Good guide to setting up a reproducible julia project?


I was looking for a good guide on how to set up a new julia project/application, so that it is reproducible, and stays up to date with its dependencies.

My coworkers were setting up a new julia project, and I couldn’t find any good “getting started setting up a new project” advice online. Does anyone know of any existing guides like this?

Here is what I recommended to them:

  • commit your *.toml files (created when you Pkg.add() dependencies)
    • Project.toml
    • Manifest.toml (This provides reproducible builds)
  • Add this CompatHelper file to your .github/workflows directory: Example.jl/CompatHelper.yml at master · JuliaLang/Example.jl · GitHub
    • this will open a PR to your repo whenever there is a breaking change released in your dependencies.
    • You should test these PRs and merge them only if everything still works
  • Ideally you should also set up automated CI tests, to make sure that your project continues working as you update the SDK and make other changes.
  • finally, you’ll want to run Pkg.update() every once in a while and commit the changes (after testing) to keep up to date with patch releases of your dependencies

Does a guide already exist that covers these kinds of steps? It’s especially important to me to recommend that they include CompatHelper (and ideally CI.yml as well).

Also, I should say:
I looked at these two pages in the Manual, but I don’t feel that they sufficiently covered the “extra stuff” I mentioned above:

Well, I wrote a guide for reproducible Julia projects; Working with Julia projects | Julia programming notes

You could add Alexander Plavin / CompatHelperLocal.jl · GitLab if that is what you want…

But if you also want CI… Why not setting up a full Julia package?


There is also Home · PkgTemplates.jl which automates some of these steps. I also liked this video: Developing Julia Packages - YouTube


I think I would be happy to recommend them to set up a full Julia Package. :+1: As long as there is a clear and straightforward guide to get started, I think that sounds like a great recommendation, yeah.

Do you feel that there is already a good guide on getting started setting up a Julia package that has all of the above?

No… I will try to write one…


Not necessarily a good guide, but simple it is:

(It does NOT have all of the above)

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With using PkgTemplates; Template(interactive=true)("MyPkg") I think most of the above should be covered as it will ask for the available options which should be added.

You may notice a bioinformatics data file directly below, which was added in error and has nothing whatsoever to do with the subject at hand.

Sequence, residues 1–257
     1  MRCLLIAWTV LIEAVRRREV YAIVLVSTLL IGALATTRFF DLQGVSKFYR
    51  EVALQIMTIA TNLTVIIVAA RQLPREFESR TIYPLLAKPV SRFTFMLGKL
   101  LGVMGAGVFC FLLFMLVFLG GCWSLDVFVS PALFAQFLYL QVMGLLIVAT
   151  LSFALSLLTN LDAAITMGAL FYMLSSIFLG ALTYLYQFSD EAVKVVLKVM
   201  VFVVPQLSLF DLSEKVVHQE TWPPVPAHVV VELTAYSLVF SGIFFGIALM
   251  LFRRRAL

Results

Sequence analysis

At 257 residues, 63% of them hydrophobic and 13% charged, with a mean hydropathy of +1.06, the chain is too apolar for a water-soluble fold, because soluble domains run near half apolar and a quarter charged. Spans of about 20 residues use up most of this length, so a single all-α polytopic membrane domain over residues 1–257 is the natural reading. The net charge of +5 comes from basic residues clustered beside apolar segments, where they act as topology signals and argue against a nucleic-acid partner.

I think PkgTemplates might already add CompatHelper.yml by default as well!

PkgTemplates is a great suggestion, but I was worried that for someone just getting started with Julia, that it might be still a bit mysterious how to use it.

But actually on reflection, I think you’re right that it’s the best thing to recommend for new people as well. (It’s what I use to create packages :+1:.)

One is that if they’ve already started their project, it’s less obvious how to turn it into a good project using PkgTemplates (usually i will create a new package and then copy all the files it generated into my git repository… but this is already starting to be pretty unwieldy).

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But also, regarding this question: do note that in this case they’re trying to set up a private project, to share with their consulting clients, and they do not want to create a public package.

I know that it’s easy to control that, but I just wanted to note that a guide for “how to create a public package” isn’t exactly what we’re after.

Thanks for all the great recommendations so far! My coworker said this guide was particularly helpful, @ufechner7!

Thank you!

Hi, I did some write-up here: Julia: Project Workflow

Currently trying this out with several projects.


Also, you can look here: Introduction · DrWatson


PkgTemplates is a great suggestion, but I was worried that for someone just getting started with Julia, that it might be still a bit mysterious how to use it.

I have a PR to the julia vscode extension which I’m hoping might help for new users if it’s merged. It exposes a Create New Project command that uses PkgTemplates under the hood but without the need for the user to install or understand how to use it.